The 2012-13 Pac-12 title came down to the final games of the season and three teams, Cal, Oregon, and Arizona, finished just one game behind UCLA for the regular season crown.
Arizona will likely be picked to win the conference again and for good reason. The Wildcats have to get over the
Rondae Jefferson is the #4 Small Forward and Aaron Gordon is the #2 Power Forward in this year's class. Gordon, a one-man highlight machine, is an early favorite for National Freshman of the Year honors and should be able to replace Solomon Hill's production. The question with this Wildcat team, like all young and talented rosters, is whether or not they'll put it all together and live up to their potential this time around.
UCLA, the other traditional basketball powerhouse in the conference, is coming off a regular season championship but a disappointing postseason that resulted in Ben Howland losing his job. Freshman sensation Shabazz Muhammad declared for the NBA draft but the Bruins can still lean on returning contributors like Kyle Anderson, Jordan Adams, and the Wear twins. Highly-touted point guard recruit Zach Levine should help make up for the loss of senior Larry Drew II, who led the Pac-12 in assists last season.
But the real key for UCLA this season is how they will respond to the coaching change. Steve Alford led New Mexico to a 24-9 record his first season on the job and if the Bruins buy into their new coach's philosophy, they could make the Pac-12 a two-team race.
The Wildcats and Bruins definitely represent the top tier of the Pac-12, but there are other teams that will be in the hunt despite not recruiting elite talent.
Since Tad Boyle has taken over as head coach at Colorado, the Buffaloes have three straight 20-win seasons. Before Boyle showed up, they had four in the school's history. And if the Pac-12's leading rebounder, Andre Roberson, comes back to school, they will have all five starters returning. This experienced and well-coached group could definitely give the higher upside, less experienced teams a run for the title.
The other coaching change in the conference is on the other side of town at USC. Andy Enfield, of Florida Gulf Coast and hot wife fame, will take over at USC. I'm sure Mrs. Enfield will fit in just fine in LA, but her husband may have some more issues. The Trojans have the 44th ranked recruiting class according to Scout.com and ifthey don't improve on last season's 14-18 record, the excitement of the new hire will wear off quickly.
Jabari Bird, the #5 SF in the country, will help the Cal Golden Bears recover from the loss of Allen Crabbe to the NBA. Justin Cobbs, who averaged 15.1 points per game last year, is expected to return to school, meaning Cal will return four of their five starters. After finishing strong last season, including winning seven of their final eight conference games, Cal should be right in the thick of things in 2013-14.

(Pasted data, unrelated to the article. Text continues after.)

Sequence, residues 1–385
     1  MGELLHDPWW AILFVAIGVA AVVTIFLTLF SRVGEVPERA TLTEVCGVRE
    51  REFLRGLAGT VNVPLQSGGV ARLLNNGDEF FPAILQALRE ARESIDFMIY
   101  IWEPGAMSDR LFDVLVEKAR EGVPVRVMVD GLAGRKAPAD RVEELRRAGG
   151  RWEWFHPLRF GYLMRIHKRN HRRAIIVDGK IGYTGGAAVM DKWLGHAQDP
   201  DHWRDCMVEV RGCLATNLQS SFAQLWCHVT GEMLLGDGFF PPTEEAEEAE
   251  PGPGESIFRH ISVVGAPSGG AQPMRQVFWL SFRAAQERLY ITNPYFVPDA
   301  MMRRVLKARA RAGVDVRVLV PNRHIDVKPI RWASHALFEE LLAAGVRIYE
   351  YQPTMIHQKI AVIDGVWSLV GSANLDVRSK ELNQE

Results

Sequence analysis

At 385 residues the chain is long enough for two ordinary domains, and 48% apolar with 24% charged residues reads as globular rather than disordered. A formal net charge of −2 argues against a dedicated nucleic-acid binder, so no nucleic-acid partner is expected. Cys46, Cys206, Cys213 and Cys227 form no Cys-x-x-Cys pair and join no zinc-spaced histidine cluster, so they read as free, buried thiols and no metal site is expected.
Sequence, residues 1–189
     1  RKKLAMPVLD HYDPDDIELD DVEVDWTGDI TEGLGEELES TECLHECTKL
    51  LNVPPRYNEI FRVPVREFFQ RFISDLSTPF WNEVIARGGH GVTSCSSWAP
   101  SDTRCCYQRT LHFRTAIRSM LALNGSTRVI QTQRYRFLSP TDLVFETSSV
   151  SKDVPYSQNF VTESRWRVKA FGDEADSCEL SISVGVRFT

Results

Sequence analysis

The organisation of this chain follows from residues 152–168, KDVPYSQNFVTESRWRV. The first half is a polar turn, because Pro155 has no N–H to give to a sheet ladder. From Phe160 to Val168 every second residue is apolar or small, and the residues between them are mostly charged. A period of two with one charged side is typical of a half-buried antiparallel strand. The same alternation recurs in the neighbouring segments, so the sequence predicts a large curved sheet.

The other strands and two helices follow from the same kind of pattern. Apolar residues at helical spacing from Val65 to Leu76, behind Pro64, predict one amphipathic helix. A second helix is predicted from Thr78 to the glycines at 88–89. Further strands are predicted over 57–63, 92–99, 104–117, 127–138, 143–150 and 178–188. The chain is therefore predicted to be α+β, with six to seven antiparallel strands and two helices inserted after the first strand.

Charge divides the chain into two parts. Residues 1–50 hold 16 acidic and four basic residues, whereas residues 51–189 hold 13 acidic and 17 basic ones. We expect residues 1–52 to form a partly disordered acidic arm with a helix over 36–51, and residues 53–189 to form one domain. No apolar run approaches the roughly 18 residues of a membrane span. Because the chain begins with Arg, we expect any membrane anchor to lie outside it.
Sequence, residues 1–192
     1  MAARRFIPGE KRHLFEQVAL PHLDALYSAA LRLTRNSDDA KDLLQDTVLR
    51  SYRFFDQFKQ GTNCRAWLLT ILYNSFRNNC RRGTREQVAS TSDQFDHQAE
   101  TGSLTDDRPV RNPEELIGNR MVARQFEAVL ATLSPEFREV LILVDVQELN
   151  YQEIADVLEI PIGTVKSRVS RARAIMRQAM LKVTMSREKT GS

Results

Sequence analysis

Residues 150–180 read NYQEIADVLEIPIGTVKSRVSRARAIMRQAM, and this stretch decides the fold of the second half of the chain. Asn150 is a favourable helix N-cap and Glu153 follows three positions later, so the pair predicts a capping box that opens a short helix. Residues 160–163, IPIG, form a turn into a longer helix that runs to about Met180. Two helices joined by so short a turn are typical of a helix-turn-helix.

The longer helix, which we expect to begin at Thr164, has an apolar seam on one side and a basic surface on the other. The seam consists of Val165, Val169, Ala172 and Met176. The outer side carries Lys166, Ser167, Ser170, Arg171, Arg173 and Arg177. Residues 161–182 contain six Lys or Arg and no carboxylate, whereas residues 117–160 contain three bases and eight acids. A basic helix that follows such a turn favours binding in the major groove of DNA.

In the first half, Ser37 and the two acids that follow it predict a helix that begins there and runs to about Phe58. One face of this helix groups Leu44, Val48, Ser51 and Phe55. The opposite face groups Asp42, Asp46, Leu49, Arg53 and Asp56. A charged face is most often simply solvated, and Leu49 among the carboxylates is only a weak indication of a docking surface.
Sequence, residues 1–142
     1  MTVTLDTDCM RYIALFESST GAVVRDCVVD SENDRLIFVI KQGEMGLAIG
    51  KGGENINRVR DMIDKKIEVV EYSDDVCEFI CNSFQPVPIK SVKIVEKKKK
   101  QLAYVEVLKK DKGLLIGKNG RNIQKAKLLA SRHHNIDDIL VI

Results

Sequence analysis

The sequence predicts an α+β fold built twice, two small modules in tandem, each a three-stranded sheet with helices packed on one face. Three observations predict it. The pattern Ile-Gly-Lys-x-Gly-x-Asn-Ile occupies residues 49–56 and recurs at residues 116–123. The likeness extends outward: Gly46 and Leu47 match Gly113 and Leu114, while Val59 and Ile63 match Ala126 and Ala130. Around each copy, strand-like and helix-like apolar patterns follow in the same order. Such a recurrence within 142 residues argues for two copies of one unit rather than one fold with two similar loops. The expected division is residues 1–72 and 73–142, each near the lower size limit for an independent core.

In Seattle, Coach Lorenzo Romar needs to get his team back to the upper tier of the conference if he wants to stay off the hot seat. The Huskies are losing their defensive anchor in Aziz N'diaye and veteran leaders Abdul Gaddy and Scott Suggs. But with disappointing production from Gaddy and Suggs last year and ESPN five-star point guard Nigel Williams-Goss coming to town, 2013-14 could be a bounce back season for the Dawgs. The Huskies could compete for the conference title if sharpshooter CJ Wilcox stays in school and if UNLV's Mike Moser does end up transferring to UW, as has been reported.
Stanford fans are pleased that Dwight Powell is coming back to school to help the Cardinal improve on their 9-9 conference record. Stanford should improve considering how much of the team is coming back, but several other teams are improving too so it will be up to Powell to take the team to the next level.
And for some reason, Stanford seems to really like recruiting twins. First it was Jason and Jarron Collins, then Brook and Robin Lopez, and now twin guards from Las Vegas, Malcolm and Marcus Allen, will be joining the Cardinal.
Arizona State star freshman and leading scorer Jahii Carson tis returning for his sophomore season. Carson led the team to a 22-13 record, but finishing 9-9 in the conference wasn't good enough. If the Sun Devils can translate their early season success to conference play and if Carson can improve on his 31.7% shooting from beyond the arc, they could be in play for a top spot in the conference.
Washington State will be looking for help now that two-time Pac-12 scoring champion Brock Motum has played his final game for the Cougs. And even with Motum the team finished with a 13-19 record and last in the conference, so expect Ken Bone to be coaching for his life in 2013-14.
Oregon could be in a rebuilding year after losing four seniors including EJ Singler, but with Dana Altman in charge and the potential for Oregon basketball to start bringing in top recruits like the football program does, PhilKnight University may be a sleeping giant just waiting to take the Pac-12 by storm one of these years. The Ducks may regress a little this season, but don't count them out moving forward.
Oregon State and Utah finished 10th and 11th respectively last year and they don't have too much to be excited about heading into the 2013-14 season. Fortunately for Oregon State, Joe Burton was the only senior on the teamlast season and his 11 points and 6 rebounds a game should be made up with the return of Angus Brandt, who missed all of conference play last season due to injury.
Utah will have to fill the void left by leading scorer Jarred DuBois, but just yesterday the Utes signed three players who will hopefully help get the team back on track and competing at a high level.
With a few exceptions, most of the teams in the Pac-12 look like they could give the favorites a real challenge. And with plenty of new coaches, hot seats, incoming freshman, and veteran teams, more story lines are sure to develop in the Pac-12.